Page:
Many of the species growing in the province's forests and meadows are so similar in appearance that accounts of entire families sent to the hospital in excruciating pain appear routinely in newspaper reports. And although no official statistics are usually released, people do die from the mushrooms they consume South of the Clouds. The most shocking example occurred in the mountains around Dali Old Town where, over the course of three decades, hundreds of people died from consuming what many believe to be an extremely toxic mushroom.

A report published by the National Library of Medicine in 2021 estimated "that more than 40% of the world’s and 90% of the Chinese edible mushrooms (about 900 species) grow in Yunnan."

The report went on to explain:

It is estimated that China has about 480 poisonous species of mushrooms; many of these are also found in Yunnan. With increasing consumer demands but a lack of sufficient knowledge to distinguish many mushrooms, many locals frequently face the risk of eating poisonous mushrooms that are morphologically similar to edible ones. As reported from China Centre of Disease Control and Prevention and China National Center for Food Safety Risk Assessment, there were 7331 mushroom poisoning cases, causing 708 death during 2010–2019 in China. Yunnan was ranked first in both the number of people poisoned by wild mushrooms and in the number of deaths from mushroom poisoning from January to August in 2019.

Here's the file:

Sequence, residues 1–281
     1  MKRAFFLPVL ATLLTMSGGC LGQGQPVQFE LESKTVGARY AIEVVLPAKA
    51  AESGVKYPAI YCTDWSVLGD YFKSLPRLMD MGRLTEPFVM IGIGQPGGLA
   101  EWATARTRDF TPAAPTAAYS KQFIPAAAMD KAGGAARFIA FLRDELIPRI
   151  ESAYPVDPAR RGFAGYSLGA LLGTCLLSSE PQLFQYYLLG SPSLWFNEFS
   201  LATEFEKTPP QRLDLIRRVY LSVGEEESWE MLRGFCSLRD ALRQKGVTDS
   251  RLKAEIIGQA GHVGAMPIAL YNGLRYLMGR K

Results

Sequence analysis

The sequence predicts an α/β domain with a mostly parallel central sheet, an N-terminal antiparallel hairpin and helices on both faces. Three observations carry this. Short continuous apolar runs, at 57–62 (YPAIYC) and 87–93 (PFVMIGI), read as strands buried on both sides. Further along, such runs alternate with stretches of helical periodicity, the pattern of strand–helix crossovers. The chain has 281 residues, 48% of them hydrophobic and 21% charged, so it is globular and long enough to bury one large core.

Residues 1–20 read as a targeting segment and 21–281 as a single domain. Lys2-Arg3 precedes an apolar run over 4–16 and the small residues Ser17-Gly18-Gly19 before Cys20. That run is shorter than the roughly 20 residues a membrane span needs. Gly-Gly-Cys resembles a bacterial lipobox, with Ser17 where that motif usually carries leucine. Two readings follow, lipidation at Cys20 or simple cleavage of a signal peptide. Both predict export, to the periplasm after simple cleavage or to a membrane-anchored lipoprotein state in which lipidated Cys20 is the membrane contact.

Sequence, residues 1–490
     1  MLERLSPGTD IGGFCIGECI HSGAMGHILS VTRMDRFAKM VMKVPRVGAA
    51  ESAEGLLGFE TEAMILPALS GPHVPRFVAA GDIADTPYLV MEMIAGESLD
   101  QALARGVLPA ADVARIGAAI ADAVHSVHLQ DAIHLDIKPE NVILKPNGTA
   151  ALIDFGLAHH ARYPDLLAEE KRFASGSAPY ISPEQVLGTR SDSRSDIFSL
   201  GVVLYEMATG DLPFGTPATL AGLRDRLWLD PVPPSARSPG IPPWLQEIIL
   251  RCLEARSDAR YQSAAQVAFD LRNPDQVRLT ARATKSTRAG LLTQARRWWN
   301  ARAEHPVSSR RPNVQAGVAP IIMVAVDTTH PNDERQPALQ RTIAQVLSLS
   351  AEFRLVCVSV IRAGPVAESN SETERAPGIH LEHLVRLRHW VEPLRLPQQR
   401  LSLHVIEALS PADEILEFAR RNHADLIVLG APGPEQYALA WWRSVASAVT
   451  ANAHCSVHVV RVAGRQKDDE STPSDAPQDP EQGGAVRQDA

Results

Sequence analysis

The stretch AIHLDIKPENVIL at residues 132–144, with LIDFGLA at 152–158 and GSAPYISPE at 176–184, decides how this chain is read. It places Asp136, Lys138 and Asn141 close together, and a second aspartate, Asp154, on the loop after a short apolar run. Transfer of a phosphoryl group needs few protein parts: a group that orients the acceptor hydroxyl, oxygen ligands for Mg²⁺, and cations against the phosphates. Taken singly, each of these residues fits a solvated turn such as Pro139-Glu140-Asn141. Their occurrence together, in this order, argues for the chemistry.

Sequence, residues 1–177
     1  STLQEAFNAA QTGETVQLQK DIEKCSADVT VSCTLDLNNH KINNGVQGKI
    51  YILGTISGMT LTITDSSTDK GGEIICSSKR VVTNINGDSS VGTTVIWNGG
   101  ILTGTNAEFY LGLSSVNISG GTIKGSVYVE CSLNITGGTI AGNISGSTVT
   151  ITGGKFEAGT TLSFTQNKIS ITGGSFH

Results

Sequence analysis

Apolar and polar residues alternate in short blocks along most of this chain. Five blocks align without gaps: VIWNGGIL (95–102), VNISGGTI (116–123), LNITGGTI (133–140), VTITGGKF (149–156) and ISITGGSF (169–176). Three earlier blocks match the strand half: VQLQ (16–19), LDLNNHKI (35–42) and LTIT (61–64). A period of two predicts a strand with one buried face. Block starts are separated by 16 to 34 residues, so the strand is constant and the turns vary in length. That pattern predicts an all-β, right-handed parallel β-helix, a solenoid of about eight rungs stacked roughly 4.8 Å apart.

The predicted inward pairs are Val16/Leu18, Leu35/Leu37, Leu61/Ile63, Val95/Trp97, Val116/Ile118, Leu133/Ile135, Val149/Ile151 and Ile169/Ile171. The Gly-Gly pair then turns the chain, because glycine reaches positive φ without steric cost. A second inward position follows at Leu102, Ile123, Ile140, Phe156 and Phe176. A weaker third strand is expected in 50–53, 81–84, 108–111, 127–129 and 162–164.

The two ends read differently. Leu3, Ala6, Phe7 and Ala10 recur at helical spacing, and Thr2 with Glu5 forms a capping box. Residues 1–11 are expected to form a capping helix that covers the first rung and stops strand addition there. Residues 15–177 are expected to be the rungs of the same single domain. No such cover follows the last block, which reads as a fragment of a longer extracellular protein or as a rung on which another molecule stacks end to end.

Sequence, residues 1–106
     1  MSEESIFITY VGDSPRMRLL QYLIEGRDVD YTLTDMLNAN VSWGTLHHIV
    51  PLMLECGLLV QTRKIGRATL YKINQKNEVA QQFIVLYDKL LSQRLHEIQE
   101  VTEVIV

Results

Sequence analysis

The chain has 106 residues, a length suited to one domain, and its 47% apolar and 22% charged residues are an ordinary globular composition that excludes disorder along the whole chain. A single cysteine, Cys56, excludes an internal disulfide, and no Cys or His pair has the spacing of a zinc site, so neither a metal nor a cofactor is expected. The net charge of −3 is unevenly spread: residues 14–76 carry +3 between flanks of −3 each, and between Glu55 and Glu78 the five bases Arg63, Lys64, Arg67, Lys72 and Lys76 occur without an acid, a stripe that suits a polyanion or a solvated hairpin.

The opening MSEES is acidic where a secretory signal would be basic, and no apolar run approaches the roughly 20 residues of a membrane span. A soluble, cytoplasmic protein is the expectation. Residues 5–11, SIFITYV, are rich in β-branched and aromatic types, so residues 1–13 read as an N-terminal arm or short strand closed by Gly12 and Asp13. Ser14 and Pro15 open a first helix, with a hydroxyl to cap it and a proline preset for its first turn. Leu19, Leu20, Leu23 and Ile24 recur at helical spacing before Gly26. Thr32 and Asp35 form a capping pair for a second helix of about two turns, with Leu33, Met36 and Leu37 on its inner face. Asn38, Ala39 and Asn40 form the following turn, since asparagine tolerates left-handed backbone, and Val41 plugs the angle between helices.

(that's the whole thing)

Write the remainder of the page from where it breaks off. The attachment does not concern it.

The report further stated:

We recognize that completely banning this industry is neither desirable nor even feasible; instead, having broader education and more stringent regulations at multiple levels could help reduce/eliminate mushroom poisoning. The education and regulations will need to be implemented for the pickers, traders, salespeople and consumers. Our study identified a number of poisonous mushrooms in the markets. In the education campaign, these mushrooms should be highlighted, and all stakeholders should be taught to avoid picking/selling/consuming those mushrooms and their close relatives. In the future, handhold devices may be developed that can directly allow mushroom pickers/traders/salespeople/consumers to identify suspicious mushrooms based on DNA sequences. Our study provides a large number of DNA barcode sequences from which such a system can be developed. 

Janet Yellen in India after stop in China.

Secretary Yellen apparently didn't notice the effects of the mushroom high. But perhaps she had a "very distinct feeling of calmness," like Miller experienced after sautéing and consuming the 'shrooms in question, "openness, happiness and colors and sounds definitely seemed more detailed and emphatic than they had before. I actually think that I really did experience some very light effects of the mushroom. My feelings and perceptions were definitely real and not imagined. They were not strong at all, but they did add a very nice ending to a wonderful culinary experience."


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Steve Bloom

Steve Bloom

Publisher of, former editor of High Times and Freedom Leaf and co-author of Pot Culture and Reefer Movie Madness.